March 04,2008

Baucus: Court Decision Proves Need for Action to Enforce Lumber Pact

London court finds Canada breached Softwood Lumber Agreement, but fails to fully enforce 2006 agreement

Washington, DC – Senator Baucus expressed concern today that a decision by the LCIA
(formerly the London Court of International Arbitration) fails to hold Canada fully
accountable for its breach of the 2006 U.S.-Canada Softwood Lumber Agreement. The
agreement is designed to protect America’s lumber industry against unfair imports of
subsidized Canadian lumber. The London court found that Canada breached its
commitments under the agreement by failing to properly apply export quotas. But the court
also found that Canada's additional failure to accurately calculate “surge volumes,” or exports exceeding the allowable quantity, did not violate the Agreement. The court’s decision undermines the agreement by allowing an oversupply of Canadian softwood lumber to disrupt the U.S. market.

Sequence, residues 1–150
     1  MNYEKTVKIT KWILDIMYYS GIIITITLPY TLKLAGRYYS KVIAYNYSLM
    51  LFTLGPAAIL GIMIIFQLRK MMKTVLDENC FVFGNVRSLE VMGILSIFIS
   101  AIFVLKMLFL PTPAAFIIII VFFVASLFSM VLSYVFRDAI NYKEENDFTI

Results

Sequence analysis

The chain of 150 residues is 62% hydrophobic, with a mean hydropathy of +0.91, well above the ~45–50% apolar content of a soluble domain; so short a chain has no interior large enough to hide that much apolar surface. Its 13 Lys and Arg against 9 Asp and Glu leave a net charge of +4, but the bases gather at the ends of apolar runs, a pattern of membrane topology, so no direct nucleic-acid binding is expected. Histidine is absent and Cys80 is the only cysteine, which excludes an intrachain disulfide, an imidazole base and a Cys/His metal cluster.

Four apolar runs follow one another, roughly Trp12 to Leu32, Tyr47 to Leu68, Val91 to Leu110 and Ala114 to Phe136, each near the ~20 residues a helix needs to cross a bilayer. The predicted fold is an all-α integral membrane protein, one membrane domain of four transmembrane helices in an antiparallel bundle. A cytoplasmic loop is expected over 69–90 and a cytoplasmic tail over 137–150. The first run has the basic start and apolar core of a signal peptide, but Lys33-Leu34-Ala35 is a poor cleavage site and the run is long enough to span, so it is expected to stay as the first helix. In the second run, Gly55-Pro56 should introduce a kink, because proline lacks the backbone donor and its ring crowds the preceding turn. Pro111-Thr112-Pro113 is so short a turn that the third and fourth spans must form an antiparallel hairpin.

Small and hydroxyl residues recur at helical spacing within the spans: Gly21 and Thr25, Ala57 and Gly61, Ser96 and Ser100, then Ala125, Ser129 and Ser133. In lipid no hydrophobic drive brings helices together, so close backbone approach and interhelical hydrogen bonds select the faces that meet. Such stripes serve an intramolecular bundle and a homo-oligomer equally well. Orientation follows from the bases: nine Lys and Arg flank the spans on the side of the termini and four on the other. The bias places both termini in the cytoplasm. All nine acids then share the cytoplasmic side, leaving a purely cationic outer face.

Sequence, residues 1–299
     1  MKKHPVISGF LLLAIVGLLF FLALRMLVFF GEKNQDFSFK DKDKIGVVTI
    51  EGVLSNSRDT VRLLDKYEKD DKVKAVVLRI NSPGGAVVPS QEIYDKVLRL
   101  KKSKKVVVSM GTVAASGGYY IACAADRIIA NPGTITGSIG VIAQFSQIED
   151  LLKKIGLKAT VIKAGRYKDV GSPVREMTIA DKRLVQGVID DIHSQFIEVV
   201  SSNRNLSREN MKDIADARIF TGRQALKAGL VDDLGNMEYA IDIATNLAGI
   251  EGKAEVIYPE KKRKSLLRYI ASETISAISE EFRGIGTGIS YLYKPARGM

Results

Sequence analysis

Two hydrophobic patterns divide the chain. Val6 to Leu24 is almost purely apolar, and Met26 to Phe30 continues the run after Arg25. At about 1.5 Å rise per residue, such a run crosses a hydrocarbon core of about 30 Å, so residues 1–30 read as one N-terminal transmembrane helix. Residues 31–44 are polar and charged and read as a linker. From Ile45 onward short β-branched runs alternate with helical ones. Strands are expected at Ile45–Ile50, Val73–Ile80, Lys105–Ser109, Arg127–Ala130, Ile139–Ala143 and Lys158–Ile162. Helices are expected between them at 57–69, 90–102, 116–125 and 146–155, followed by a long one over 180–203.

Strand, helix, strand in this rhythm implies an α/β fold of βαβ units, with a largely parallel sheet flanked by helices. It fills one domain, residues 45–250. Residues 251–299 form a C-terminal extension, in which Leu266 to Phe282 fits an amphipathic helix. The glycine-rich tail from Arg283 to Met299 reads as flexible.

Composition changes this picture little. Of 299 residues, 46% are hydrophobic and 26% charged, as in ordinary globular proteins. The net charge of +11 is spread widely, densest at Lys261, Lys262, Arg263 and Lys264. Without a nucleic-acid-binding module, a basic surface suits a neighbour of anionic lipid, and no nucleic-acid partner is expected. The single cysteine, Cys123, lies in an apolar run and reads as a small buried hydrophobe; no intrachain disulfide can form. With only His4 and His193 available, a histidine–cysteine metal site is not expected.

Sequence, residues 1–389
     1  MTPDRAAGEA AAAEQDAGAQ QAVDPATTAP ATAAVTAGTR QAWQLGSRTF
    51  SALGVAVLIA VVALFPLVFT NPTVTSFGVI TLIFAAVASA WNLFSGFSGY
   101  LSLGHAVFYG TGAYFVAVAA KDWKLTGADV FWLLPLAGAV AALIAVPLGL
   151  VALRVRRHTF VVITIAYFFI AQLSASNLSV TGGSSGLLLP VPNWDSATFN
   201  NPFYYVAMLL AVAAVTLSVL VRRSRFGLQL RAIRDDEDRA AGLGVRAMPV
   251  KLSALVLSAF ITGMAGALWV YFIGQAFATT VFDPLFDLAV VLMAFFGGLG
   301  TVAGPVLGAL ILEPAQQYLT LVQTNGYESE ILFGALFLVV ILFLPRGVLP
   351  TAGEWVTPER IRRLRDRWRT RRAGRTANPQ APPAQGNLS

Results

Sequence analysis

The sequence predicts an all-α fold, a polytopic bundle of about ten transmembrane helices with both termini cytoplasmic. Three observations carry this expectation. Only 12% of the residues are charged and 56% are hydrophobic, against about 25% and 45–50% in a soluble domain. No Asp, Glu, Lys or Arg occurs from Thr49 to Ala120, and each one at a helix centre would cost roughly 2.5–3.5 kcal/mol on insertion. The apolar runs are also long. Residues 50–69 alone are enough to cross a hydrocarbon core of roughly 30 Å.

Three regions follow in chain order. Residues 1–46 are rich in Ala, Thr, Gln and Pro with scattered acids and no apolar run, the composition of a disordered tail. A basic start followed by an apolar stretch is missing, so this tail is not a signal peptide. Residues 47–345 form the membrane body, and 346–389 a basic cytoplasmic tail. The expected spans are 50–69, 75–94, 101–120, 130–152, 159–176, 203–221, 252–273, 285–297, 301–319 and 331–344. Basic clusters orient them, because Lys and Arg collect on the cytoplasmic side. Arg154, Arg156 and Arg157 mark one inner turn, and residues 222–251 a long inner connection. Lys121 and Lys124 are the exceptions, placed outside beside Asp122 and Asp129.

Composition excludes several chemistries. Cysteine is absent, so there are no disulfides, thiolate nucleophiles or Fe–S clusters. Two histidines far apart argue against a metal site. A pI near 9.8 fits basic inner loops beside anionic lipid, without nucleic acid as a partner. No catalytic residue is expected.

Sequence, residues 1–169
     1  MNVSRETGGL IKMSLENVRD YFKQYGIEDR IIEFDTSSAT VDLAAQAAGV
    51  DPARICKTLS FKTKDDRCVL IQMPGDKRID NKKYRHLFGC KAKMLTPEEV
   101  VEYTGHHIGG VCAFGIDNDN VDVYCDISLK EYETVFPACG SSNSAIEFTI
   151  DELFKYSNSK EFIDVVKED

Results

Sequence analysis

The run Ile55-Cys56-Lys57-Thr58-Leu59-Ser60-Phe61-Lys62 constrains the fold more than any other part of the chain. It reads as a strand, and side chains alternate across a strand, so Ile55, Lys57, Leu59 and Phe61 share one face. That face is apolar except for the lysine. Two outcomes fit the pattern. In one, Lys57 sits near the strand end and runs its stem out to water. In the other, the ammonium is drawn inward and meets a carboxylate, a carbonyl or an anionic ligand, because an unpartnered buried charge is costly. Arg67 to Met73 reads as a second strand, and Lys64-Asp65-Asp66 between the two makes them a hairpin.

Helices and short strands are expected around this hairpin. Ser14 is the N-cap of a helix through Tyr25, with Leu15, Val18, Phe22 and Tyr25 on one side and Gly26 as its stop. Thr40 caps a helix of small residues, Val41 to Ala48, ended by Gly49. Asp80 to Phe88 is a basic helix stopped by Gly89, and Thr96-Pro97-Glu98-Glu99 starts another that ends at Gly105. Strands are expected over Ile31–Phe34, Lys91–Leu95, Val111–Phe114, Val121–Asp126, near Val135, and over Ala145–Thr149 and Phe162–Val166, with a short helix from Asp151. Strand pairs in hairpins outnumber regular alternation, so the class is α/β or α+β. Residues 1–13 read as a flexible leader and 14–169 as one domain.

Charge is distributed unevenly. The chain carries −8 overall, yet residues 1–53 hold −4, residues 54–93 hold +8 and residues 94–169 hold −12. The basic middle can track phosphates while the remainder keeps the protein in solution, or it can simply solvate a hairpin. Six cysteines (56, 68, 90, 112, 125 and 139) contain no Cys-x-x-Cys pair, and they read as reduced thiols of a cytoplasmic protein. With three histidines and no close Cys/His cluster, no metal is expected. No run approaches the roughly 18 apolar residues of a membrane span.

“It’s clear from today’s decision that arbitration alone will not force Canada to live up
to all of its obligations under the 2006 Softwood Lumber Agreement,”
Baucus said. “I
championed this agreement because it is supposed to protect American lumber
producers – in my home state of Montana and elsewhere – from unregulated and
unfairly priced Canadian lumber flooding our market. The Bush administration must
use more of the tools at its disposal to enforce the agreement in its entirety.”

Today's LCIA decision addresses a complaint brought by the United States under the
Softwood Lumber Agreement alleging, among other things, that Canada did not properly
apply export measures and regional Trigger Volumes, which guide the application of both
quotas and export charges to exports of Canadian softwood lumber. The United States and
Canada entered into the Softwood Lumber Agreement on October 12, 2006, to ensure fair
imports of Canadian softwood lumber and to end all existing softwood lumber litigation
between the two countries.

# # #